Since most of the primary and supporting aircraft attitude information is displayed on the PFD, standard scanning techniques can be utilized. It is important to remember to include the stand-by flight instruments as well as the engine indications in the scan. Due to the size of the attitude instrument display, scanning techniques have been simplified because the attitude indicator is never out of peripheral view.
Selected Radial Cross-Check
The radial scan is designed so that your eyes remain on the attitude indicator 80–90 percent of the time. The remainder of the time is spent transitioning from the attitude indicator to the various other flight instruments. [Figure 6-33]The radial scan pattern works well for scanning the PFD. The close proximity of the instrument tape displays necessitates very little eye movement in order to focus in on the desired instrument. While the eyes move in any direction, the extended artificial horizon line allows the pilot to keep the pitch attitude in his or her peripheral vision. This extended horizon line greatly reduces the tendency to fixate on one instrument and completely ignore all others. Because of the size of the attitude display, some portion of the attitude indicator is always visible while viewing another instrument display on the PFD.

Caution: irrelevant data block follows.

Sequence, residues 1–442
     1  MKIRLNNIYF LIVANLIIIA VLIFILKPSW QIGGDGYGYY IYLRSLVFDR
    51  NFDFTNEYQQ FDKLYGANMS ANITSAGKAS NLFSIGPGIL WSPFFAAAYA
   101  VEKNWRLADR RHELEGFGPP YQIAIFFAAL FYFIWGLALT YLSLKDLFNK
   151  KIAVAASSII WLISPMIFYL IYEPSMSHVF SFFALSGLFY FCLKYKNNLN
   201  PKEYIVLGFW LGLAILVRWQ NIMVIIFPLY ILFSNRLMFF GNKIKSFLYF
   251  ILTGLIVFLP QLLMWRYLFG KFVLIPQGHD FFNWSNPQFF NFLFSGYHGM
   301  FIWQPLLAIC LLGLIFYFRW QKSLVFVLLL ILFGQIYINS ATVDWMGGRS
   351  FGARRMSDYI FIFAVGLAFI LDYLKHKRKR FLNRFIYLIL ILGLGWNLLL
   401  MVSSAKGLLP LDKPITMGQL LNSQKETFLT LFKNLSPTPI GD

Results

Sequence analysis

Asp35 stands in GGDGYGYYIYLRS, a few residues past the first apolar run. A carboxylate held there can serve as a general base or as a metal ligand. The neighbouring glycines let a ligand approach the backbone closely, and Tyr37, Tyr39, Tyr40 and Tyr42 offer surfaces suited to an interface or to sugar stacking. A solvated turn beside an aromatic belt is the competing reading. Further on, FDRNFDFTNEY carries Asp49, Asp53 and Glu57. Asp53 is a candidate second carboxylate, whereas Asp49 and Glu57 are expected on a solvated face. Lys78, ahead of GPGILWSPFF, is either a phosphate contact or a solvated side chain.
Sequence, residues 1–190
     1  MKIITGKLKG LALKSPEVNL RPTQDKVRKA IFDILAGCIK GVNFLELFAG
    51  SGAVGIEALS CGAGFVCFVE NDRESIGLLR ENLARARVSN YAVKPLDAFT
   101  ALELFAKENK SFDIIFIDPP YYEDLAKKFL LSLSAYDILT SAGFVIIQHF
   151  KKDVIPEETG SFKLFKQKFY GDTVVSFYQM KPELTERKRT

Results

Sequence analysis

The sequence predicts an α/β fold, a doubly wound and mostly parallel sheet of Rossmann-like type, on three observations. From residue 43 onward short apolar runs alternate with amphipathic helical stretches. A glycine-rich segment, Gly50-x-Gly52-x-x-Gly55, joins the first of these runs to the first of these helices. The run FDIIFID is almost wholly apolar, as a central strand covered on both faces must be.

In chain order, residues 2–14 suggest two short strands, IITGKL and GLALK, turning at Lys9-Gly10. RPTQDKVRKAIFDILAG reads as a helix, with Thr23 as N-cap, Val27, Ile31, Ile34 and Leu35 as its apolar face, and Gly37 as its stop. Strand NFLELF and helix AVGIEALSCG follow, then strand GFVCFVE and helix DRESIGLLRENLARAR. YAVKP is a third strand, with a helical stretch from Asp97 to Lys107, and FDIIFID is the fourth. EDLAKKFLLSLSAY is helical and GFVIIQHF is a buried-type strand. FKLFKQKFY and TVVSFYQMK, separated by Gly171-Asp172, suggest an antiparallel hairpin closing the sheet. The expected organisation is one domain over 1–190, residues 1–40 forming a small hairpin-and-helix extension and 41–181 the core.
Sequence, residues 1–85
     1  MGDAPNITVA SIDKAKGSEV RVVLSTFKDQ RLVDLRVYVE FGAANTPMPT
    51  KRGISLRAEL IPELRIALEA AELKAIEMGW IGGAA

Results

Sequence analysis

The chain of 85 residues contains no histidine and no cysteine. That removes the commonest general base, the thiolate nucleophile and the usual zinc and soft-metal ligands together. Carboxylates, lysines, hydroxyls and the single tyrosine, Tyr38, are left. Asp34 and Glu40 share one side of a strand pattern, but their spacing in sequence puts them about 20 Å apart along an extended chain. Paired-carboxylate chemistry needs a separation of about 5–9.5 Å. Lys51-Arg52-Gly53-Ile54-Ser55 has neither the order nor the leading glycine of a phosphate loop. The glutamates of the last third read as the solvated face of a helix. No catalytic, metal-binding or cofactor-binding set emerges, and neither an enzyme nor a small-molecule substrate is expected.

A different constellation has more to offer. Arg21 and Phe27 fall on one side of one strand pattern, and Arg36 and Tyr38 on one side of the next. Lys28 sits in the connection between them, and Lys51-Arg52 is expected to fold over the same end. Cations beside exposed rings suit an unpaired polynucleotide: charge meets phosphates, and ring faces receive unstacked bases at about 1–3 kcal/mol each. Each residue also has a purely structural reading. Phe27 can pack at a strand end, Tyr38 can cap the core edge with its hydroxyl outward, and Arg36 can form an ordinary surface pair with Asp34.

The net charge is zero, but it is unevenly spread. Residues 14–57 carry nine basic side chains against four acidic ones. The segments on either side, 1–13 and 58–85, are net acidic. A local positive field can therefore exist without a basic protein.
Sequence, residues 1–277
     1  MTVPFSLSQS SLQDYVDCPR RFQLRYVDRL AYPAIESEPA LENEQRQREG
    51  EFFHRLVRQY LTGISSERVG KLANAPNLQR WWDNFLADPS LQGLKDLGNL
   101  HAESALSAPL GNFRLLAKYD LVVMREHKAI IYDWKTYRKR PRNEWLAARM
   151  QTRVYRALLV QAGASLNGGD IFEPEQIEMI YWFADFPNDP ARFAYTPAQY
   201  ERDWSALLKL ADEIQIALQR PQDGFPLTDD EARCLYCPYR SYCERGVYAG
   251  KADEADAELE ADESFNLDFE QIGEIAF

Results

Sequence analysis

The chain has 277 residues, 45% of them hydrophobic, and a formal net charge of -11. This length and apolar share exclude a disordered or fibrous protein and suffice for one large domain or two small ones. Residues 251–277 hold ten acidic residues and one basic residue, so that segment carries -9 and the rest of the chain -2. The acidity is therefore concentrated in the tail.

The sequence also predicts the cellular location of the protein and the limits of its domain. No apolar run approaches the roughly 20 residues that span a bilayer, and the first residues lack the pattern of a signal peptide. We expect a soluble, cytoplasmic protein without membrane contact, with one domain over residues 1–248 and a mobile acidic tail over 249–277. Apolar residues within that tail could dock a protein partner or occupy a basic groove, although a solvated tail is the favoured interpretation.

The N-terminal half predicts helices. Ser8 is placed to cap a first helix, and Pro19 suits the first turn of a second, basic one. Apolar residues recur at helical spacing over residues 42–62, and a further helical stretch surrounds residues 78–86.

Starting the Scan